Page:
As Apple continues to pride itself over its system’s invulnerable ability to not be affected by viruses, a stance that they have long boasted over rivals Windows, it has announced it will patch two serious bugs in its operating system before the next major update. The vulnerabilities, named DYLD and Thunderstrike 2 were found in Apple’s operating system, which compromised user’s who were using Apples latest operating system; Yosemite. The Thunderstrike 2 bug, which was discovered several weeks ago, allowed hackers to attack systems with a malicious webpage, causing the computer’s firmware to be overwritten. The other problem is DYLD, arguably far more important and more dangerous. which allows a program to run as an administrator without the need of the user inputting their password. With Apple to fix major bug in OS X, user’s will be able to relax once more.
Apple have recently released a beta update to the next major update, OS X 10.10.5, and security experts have revealed that the patch for DYLD is not included in the beta patch, which is worrying many as Apple might be holding back until the next iteration of its OS X, El Capitan, due for release worldwide in Autumn of this year. Apple have since announced that they plan to fix the problem as soon as possible. As for the Thunderstrike glitch, it allowed attackers in creating a ‘worm’ which can be transferred between devices without the user even having to do anything. By manipulating the Thunderbolt port, it can be transferred through to any device that is connected and then spread to wherever the device is used. But security experts have downplayed the severity of the Thunderstrike bug due to the low number of those who actually use the Thunderbolt port.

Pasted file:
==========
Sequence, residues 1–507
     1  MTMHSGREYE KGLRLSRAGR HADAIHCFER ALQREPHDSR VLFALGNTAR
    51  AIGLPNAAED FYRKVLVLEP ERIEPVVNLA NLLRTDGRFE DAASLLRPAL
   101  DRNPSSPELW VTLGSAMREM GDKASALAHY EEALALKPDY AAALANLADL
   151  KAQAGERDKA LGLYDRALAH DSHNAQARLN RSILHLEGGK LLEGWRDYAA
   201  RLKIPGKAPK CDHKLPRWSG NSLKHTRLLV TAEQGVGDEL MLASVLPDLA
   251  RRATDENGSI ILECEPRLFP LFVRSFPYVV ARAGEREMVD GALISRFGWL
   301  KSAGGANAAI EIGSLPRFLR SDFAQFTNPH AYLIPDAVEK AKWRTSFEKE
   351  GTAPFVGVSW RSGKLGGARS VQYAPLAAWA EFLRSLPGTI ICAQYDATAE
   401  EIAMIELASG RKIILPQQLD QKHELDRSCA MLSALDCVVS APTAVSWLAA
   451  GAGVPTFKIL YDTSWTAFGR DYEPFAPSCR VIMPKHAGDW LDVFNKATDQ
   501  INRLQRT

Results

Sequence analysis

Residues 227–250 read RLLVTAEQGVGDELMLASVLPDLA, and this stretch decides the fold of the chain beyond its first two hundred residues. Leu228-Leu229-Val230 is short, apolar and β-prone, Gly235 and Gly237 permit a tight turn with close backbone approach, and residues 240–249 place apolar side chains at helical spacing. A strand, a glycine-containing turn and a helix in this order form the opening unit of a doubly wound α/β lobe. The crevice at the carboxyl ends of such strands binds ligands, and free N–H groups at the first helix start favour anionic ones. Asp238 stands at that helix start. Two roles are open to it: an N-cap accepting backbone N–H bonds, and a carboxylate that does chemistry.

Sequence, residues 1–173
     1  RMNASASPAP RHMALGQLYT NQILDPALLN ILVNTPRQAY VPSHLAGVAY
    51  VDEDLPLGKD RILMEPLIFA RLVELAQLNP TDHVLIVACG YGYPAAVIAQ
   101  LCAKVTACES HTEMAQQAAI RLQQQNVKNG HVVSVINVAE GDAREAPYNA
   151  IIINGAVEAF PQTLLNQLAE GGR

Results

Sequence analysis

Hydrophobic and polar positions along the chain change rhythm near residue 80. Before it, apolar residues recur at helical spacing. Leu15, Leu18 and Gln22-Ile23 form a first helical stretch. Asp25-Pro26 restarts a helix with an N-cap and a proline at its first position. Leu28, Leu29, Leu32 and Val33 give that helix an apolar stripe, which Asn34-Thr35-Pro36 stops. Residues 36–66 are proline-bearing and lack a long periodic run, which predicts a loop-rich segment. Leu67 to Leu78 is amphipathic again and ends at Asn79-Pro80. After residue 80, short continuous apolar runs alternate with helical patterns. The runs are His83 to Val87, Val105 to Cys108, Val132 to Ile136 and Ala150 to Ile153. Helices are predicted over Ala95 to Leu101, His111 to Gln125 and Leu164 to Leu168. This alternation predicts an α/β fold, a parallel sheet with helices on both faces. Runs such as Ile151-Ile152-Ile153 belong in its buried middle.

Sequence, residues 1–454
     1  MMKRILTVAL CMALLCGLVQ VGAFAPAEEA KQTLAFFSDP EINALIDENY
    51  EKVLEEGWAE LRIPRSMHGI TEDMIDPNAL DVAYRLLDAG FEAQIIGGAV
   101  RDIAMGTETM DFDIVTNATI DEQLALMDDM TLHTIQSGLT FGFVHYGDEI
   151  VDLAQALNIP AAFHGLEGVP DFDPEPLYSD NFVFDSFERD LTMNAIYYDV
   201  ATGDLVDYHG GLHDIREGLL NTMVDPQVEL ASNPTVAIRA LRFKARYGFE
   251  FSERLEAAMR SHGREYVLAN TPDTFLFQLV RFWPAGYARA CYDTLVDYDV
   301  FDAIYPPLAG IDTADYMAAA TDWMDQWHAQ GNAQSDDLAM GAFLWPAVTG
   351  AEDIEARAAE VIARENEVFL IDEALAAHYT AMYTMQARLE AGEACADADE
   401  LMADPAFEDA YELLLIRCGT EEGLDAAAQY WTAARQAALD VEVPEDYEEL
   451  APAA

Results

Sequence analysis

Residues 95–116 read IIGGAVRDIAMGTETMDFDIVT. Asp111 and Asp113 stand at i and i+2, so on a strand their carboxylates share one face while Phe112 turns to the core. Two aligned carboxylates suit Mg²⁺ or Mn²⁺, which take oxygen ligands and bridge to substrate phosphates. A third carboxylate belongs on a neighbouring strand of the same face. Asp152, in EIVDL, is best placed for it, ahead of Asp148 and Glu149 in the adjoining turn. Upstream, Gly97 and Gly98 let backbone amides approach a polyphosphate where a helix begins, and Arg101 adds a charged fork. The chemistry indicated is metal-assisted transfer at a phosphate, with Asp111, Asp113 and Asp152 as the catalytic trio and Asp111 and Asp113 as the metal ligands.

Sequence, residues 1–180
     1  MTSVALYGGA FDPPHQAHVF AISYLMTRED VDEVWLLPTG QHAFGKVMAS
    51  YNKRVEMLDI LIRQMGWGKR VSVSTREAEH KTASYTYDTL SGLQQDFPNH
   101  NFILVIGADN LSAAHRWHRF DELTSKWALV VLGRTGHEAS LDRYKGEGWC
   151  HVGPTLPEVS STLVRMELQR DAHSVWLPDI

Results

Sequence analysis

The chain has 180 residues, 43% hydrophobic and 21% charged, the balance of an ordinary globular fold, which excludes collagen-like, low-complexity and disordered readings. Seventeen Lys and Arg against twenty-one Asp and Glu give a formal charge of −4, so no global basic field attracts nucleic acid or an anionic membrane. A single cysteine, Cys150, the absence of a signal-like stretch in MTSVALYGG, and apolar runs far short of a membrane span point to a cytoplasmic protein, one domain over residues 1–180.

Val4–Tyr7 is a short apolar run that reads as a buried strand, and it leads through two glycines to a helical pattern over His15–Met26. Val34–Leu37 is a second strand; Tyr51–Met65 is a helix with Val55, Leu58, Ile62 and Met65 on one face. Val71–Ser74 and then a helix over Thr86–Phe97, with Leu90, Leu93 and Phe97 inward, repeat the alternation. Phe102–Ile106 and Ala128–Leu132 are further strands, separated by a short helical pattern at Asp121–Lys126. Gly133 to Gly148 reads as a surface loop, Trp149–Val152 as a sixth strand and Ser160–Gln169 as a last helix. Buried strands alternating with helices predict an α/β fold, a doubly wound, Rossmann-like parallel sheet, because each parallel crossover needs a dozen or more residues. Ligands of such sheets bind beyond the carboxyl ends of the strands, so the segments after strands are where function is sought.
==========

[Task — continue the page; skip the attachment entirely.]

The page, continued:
But the difference between the two glitches is that Thunderstrike is relatively harmless compared to DYLD, as a worm that can only spread through a very specific way, or a bug that lives and transmits through web pages, which are unfortunately open to everyone. In the meantime, Apple have prepared a somewhat stop-gap fix to the problem by preventing any developers from releasing anything if they are found to be using the vulnerability. Until the fix has been implemented, at least the majority of users are protected to some degree.
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